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Author Topic: PNI Escort HP 82 Handheld CB AM FM Multi-Norm Review  (Read 690 times)

Offline R4002

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PNI Escort HP 82 Handheld CB AM FM Multi-Norm Review
« on: January 02, 2024, 1427 UTC »
So I picked one of these up a couple months ago.  They do not have an "export mode" or "RU mode" - at least the firmware in the version I have does not. 

It does, however, have the following bands ready to go.  It's legal to use in the USA under Part 95 in both regular old AM mode and FM mode on the standard 40 channels in the EU band.  Set it to CE band and it does the same legal 40 channels but is locked in FM mode only.

EU band 40 channels 26.965 MHz - 27.405 MHz - same as American CB radio band and export radios "Band D" - AM and FM modes

CE band 40 channels 26.965 MHz - 27.405 MHz - identical to EU band and the US FCC mid band, but is FM mode only

DE band 80 channels 26.565 MHz - 27.405 MHz - this is the German 80 channel CB band, which is also legal in several other countries in addition to Germany.  Channels 1-40 are identical to the EU band and the American CB radio band, AM and FM modes are allowed on channels 1-40, 4w AM carrier, 4w FM.  Channels 41-80 are FM only.  Channel 41 is 26.565 MHz and Channel 80 is 26.955 MHz.  Straight 10 kHz sequence with no skipped channels 26.565 MHz, 26.585 MHz, 26.595 MHz, 26.605 MHz, 26.615 MHz, etc. up to 26.925 MHz, 26.935 MHz, 26.945 MHz and 26.955 MHz. 

UK band 40 channels 27.60125 MHz - 27.99125 MHz - this is the UK FM 27/81 band.  4w FM, straight 10 kHz channel sequence, 27.60125 MHz to 27.99125 MHz.  27.78125 MHz is channel 19.  No skipped channels or out of order channel numbering for channels 23, 24 and 25.  In UK mode, pressing the AM/FM - BAND button once switches you between the UK FM 40 channel band and the CE band (CEPT European standard 40 channel mid band FM CB radio allocation, that is, the standard 26.965 MHz - 27.405 MHz allocation, FM only).  Whichever channel you're on on the UK FM CB band, it will flip you down to that channel on the CE band, which is sort of a neat feature.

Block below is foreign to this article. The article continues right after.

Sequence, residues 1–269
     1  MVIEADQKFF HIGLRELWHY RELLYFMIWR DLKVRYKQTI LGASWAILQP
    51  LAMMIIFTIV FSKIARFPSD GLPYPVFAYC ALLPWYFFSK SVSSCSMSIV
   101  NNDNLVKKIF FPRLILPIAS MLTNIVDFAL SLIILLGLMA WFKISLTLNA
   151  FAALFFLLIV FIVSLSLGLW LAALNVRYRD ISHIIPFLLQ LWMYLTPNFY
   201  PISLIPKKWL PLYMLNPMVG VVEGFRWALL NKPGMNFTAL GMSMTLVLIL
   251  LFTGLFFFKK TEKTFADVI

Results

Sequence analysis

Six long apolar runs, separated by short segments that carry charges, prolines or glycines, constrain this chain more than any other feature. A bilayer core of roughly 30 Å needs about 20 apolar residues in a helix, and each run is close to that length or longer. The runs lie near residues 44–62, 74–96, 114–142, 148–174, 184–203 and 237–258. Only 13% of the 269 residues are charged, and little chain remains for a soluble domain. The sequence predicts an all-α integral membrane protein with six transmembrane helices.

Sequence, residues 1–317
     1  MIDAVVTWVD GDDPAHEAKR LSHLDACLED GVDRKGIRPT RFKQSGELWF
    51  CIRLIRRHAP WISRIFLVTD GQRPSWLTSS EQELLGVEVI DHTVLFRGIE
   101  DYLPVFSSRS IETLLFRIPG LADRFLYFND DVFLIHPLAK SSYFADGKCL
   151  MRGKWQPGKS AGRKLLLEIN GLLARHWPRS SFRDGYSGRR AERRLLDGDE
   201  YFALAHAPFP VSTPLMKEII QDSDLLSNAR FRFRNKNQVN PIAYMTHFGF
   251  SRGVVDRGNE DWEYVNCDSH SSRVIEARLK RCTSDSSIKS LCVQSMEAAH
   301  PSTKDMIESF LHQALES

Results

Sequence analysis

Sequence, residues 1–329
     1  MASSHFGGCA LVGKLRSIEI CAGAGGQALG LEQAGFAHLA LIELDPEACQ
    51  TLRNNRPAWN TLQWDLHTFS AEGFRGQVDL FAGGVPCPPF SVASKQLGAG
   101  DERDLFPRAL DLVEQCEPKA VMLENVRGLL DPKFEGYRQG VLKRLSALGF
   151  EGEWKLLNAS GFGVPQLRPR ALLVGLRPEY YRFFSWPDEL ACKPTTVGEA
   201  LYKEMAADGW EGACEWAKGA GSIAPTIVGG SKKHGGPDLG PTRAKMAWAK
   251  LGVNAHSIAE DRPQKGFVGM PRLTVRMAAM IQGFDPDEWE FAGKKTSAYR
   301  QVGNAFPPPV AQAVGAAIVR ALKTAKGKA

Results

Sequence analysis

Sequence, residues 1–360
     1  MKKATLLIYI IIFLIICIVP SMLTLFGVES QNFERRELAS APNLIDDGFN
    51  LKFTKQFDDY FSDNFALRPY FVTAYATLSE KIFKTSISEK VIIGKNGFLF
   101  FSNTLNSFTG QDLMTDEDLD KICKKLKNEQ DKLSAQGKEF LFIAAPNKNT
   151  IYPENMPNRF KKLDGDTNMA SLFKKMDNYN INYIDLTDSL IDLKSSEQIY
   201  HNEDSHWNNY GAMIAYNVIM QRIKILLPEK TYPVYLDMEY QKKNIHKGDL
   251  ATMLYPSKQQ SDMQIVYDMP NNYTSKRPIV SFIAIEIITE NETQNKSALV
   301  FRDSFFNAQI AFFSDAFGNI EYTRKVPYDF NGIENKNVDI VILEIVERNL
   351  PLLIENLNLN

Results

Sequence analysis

I2 band 34 channels  26.875 MHz - 27.265 MHz - Italian "I2 CB Band" - 34 channel band.  This is one of two 27 MHz 11 meter CB bands available in Italy.
Channels 1 to 23 are identical to the US band/CEPT CB band/EU mid band FM.  All channels allow use of AM and FM modes.  Channels 26 to 34 are the non-standard channels, channel 24 and 25 are standard CB channels, but are numbered in a non-standard way.

Channel 24 is 27.245 MHz - normally this is Channel 25
Channel 25 is 27.265 MHz - normally this is Channel 26
Channel 26 is 26.875 MHz
Channel 27 is 26.885 MHz
Channel 28 is 26.895 MHz
Channel 29 is 26.905 MHz
Channel 30 is 26.915 MHz
Channel 31 is 26.925 MHz
Channel 32 is 26.935 MHz
Channel 33 is 26.945 MHz
Channel 34 is 26.955 MHz

So Italy has non-standard CB channels available by using the I2 band.

IN band 27 channels 26.965 MHz - 27.275 MHz.  India CB radio 27MHz band Indian CB radio allocation.  5w AM / 5w FM power output.  Identical to the standard channel plan for channels 1-27.  Yep, it even follows the out of order channel numbering for 23, 24 and 25.